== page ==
This piece I wrote in 2022/23 during my artist-in-residency at the Van Doesburg house in Paris. Inspired by the works of Claude Debussy, it tells a story of the many iron constructions in Paris. From the rivets in steel beams to the top of the mighty Eiffeltoren.

Der müde Tod (2021, commission by Wishful Singing, 1h 37 min)

This is music I wrote for the vocal ensemble Wishful Singing, to accompany the epic film classic by Fritz Lang: Der müde Tod (1921). The music was performed live by five voices, harmonium, bass recorder, cello, percussion, and an electronic tape for the parts in the realm of death.

Mavi, Turkuaz, Kirmizi ve Sari for Vier! (2021; commission by Oorkaan, recorded on CD, 12 min)

A Turkish-inspired suite based on the four Turkish colors blue, turquoise, red, and yellow.

I’d rather be together than not alone (2019; commission by Wishful Singing, not yet recorded due to Covid, 5 min)

For the vocal ensemble Wishful Singing. The vocalists slowly develop the text, both singing and using Morse machines. Musical accompaniment by baby piano.

The humpbacked flutist (2019, commission by Concordia, not yet recorded due to Covid, 16 min)

A semi-theatrical piece for wind orchestra, based on the fairy tale of the humpbacked flutist.

Hildegard Opera (2018; 1 h 30 min)

Intertwining with one of the first music-theatre works ever, Hildegard’s Ordo virtutum, I wrote an opera about the decisive year 1151 in Hildegard’s life, using elements of her own music as a golden thread.

Nilüfer (commission by Ceylan Ertem, 2017, 3:40 min)

When I worked in Baraná we did a project with the then rather unknown Ceylan Ertem, who was a spectacular experimental pop singer residing in Istanbul. During our years of concerts, she already became rather famous, and in recent years she has become one of the top Turkish vocalists. Since she always had continued to sing the songs we wrote for her, she asked me in 2017 to write a new song for her new album. Here is the official video clip.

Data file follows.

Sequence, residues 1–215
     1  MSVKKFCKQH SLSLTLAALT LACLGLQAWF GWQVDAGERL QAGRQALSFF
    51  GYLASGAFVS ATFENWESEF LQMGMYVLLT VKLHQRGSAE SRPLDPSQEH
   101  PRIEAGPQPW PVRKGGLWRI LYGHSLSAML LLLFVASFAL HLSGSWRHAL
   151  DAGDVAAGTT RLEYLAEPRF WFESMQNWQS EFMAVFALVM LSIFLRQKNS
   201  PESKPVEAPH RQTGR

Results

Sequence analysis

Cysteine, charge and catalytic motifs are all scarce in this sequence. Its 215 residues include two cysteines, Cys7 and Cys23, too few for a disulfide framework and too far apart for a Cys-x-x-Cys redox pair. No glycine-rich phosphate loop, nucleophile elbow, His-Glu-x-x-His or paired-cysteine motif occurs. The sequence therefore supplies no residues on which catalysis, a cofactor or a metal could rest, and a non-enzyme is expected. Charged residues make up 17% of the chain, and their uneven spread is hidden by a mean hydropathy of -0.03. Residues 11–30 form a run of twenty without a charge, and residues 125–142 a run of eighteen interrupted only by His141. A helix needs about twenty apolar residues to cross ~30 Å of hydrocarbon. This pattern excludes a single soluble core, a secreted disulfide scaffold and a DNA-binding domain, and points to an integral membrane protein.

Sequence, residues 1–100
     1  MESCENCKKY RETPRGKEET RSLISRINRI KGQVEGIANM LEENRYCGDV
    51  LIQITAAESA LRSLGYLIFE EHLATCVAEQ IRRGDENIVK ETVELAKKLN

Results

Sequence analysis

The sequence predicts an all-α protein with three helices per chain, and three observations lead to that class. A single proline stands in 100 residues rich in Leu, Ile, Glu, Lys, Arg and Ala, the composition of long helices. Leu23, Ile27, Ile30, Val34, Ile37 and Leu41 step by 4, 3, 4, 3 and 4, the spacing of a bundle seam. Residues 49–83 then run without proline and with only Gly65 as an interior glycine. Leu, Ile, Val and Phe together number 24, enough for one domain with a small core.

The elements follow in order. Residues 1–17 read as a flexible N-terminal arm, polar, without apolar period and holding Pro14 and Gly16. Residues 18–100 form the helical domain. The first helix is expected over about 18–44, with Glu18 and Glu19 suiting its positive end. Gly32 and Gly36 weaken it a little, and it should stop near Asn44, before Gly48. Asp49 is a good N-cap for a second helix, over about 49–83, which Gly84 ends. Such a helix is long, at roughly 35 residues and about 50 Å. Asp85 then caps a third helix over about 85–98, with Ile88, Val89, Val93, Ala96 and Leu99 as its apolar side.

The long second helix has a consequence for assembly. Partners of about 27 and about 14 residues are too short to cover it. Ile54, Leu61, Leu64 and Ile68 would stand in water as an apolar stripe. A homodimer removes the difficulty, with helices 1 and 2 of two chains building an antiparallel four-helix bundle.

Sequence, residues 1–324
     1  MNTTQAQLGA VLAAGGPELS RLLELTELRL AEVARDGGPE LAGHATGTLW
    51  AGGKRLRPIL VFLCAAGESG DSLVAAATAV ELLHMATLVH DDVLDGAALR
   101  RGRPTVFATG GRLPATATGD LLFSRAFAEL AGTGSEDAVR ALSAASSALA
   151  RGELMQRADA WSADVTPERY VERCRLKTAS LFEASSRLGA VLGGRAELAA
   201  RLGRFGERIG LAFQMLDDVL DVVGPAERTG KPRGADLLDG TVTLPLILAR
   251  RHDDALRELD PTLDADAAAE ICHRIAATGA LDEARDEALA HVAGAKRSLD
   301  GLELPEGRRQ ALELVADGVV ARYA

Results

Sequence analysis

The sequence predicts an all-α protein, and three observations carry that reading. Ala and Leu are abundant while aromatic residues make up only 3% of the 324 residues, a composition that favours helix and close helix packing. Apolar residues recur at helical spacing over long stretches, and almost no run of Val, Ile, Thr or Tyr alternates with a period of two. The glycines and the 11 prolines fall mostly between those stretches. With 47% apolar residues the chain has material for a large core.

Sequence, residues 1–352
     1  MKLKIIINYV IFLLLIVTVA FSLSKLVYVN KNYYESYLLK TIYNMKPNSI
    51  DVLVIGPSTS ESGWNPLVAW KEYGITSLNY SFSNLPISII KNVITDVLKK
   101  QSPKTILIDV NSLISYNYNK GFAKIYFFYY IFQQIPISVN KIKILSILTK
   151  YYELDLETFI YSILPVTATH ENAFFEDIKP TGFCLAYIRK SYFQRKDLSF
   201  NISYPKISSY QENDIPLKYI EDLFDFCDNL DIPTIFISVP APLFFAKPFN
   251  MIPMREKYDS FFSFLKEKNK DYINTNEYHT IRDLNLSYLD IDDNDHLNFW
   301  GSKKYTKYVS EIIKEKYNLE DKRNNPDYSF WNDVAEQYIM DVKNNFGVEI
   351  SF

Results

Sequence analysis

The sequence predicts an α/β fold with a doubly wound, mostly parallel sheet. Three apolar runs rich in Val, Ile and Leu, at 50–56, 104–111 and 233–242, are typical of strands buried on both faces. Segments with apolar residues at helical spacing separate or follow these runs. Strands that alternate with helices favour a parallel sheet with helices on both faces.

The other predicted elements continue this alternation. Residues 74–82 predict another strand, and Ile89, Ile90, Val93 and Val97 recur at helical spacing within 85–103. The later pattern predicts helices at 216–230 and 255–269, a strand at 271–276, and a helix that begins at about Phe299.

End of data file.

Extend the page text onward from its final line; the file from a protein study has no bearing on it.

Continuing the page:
The more you see, the less you speak (2017, commission by Oriental landscapes Festival, 11 min)

This is a composition I wrote as an assignment for the Oriental landscapes Festival in 2017. The arab lyrics are by Al-Niffari, a 10th century mystic, who in fact was not too fond of words. Thus the phrase for which he is perhaps most known: ‘The more you see, the less you speak’.
Al Niffari believed that the mystic voyage kept you in certain stages for a while. In my piece, the listener travels through seven stages, starting with bitonality, going to various stages of  even three tonalities/modalities, finally ending in a unisono melody in the arab maqam of Bayati, touching on silence.
The recording has been made live at the Bimhuis Amsterdam in june 2017, by the New European Ensemble with special guest the Syrian/American soprano Dima Orsho.

Familie van Nielie (2018; commission by Kwatta & Oorkaan, 1 h)

The Familie van Nielie is a theatre production for youth by Kwatta and Oorkaan, december 2018 – march 2019. The story is about a family who magically gets transported to a camping side in the summer time. The son receives a surprising birthday present: a mansize robot. With the robot he is the man to hang out with, but the robot is soon broken, and the boy feels very lonely. He decides to crawl into the robot, and act as if it is fixed again. Philosophical questions about what is real form the main thread of the performance. Musically, the bass clarinet and marimba that accompany the robot transform into two cheap shaky casio’s with the same sounds.

Roodhapje (2015; Yamaward 2016, commission by Holland Opera, 1 h)

60 min youth opera performed by Holland Opera, december 2015. Leonie van de Wal (Roodkapje), Madieke Marjon (Mother/Grandmother), Niek van Idelenburg (Wolf), children’s choir, Jurgen Burdorf (guitar), Christiaan Saris (vibrafone, marimba, glockenspiel, drums)